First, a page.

Drayton Hall is a National Trust Historic site resting on 630 lovely acres. The building was completed in 1742; today it ... More
Drayton Hall is a National Trust Historic site resting on 630 lovely acres. The building was completed in 1742; today it stands as a quality example of Georgian-Palladian architecture. Owned by the Drayton family for seven generations, the house remains close to its original condition. Drayton Hall regularly hosts school field trips. Admission: USD12 Adults; USD8 Youth ages 12-18; USD6 Children ages 6-11; children under age 6 are free. Grounds-only tickets are USD3. Military discount is USD2, AAA discount is USD1. Tours are on the hour beginning at 10am. Check the website for further details.
I really expected more. I didn't realize we would be going to an absolutely barren old home. We looked at old paint, and the only interesting thing about the house was a story about one of the children who kept the heights of her dogs etched into the wood. I will say the trees outside were beautiful. We stayed for the for the whole tour only because it was so expensive, but others kept on running out during the tour.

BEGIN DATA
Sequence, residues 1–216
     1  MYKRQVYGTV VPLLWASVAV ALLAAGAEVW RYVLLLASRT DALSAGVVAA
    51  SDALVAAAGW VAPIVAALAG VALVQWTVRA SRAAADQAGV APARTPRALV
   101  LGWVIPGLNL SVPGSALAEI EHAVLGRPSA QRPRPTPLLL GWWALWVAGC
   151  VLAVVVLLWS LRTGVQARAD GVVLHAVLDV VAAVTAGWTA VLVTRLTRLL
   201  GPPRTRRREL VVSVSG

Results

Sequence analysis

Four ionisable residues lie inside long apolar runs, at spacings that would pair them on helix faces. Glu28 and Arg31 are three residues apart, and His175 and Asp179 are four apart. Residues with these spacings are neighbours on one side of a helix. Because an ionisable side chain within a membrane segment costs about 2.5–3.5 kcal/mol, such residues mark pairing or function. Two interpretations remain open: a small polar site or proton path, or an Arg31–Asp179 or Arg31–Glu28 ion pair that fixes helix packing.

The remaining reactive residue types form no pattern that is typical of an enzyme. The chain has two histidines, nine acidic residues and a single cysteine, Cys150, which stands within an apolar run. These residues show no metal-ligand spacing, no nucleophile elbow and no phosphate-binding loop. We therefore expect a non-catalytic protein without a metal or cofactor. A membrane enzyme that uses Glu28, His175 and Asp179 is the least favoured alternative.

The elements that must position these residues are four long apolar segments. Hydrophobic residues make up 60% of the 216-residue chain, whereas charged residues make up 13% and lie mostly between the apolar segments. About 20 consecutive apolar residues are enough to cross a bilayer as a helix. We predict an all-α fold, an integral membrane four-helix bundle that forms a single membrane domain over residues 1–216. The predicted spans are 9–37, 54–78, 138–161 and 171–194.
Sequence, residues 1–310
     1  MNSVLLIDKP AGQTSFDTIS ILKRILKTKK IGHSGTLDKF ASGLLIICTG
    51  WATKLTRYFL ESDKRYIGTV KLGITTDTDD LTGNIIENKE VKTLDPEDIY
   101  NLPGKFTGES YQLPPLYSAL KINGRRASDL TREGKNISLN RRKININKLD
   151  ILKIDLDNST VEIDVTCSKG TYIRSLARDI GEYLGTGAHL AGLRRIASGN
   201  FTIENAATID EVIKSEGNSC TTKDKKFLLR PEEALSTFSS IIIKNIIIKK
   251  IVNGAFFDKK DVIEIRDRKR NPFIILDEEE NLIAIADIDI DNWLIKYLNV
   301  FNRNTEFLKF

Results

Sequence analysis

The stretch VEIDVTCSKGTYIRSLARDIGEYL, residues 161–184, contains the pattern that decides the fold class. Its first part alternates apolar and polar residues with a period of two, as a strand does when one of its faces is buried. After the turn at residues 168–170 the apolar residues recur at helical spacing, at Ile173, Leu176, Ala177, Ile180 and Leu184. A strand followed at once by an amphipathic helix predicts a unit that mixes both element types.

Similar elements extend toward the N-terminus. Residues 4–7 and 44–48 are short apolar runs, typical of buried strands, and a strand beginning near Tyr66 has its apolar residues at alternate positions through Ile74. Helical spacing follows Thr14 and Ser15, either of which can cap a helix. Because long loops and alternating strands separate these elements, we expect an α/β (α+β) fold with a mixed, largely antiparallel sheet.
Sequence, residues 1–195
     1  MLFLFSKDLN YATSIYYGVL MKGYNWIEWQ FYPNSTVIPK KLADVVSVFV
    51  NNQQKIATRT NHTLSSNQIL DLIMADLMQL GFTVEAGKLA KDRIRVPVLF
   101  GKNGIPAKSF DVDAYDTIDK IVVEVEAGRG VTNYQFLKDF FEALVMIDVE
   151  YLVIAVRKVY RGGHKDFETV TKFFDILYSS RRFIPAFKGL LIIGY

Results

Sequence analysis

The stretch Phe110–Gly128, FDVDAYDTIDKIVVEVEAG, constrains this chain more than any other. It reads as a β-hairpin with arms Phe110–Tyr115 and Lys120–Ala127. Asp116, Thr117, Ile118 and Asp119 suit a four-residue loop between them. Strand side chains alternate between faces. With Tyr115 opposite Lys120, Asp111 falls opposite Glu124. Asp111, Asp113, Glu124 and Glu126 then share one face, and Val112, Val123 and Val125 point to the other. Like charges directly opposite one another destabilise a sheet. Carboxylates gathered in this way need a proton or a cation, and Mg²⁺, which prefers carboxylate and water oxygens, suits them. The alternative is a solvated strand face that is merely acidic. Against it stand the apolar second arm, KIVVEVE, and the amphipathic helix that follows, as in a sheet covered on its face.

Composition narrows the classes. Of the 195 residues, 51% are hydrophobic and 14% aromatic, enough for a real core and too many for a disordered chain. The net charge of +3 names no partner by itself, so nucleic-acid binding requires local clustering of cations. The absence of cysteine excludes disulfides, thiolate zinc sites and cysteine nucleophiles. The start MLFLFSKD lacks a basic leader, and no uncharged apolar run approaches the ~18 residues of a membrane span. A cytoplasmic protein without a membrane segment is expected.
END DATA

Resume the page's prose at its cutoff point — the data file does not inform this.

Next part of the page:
First, let me say that I am extremely pleased that we decided to visit Drayton Hall first.
The guide was extremely informative and gave a realistic perspective of the history and consequential events that occurred therafter.
We stayed for the lecture afterwards and loved the details that were presented to us as well as the social historical perspective of the slaves as well as the and the relationships and their significance.
The tour was not rushed and took about 45 minutes. it was well organized, informative, and very interesting. The talk afterwards was about 45 minutes.
The grounds would have been great for a romantic picnic as it was not a long walk as there was plenty of shade.
The landscape and the cemetary was breathtaking.
Even if we didn't have a coupon, the tour was economically affordable and very much worth the price compared to those also along the same road.
I cannot express how much fun this was and I am excited to go again.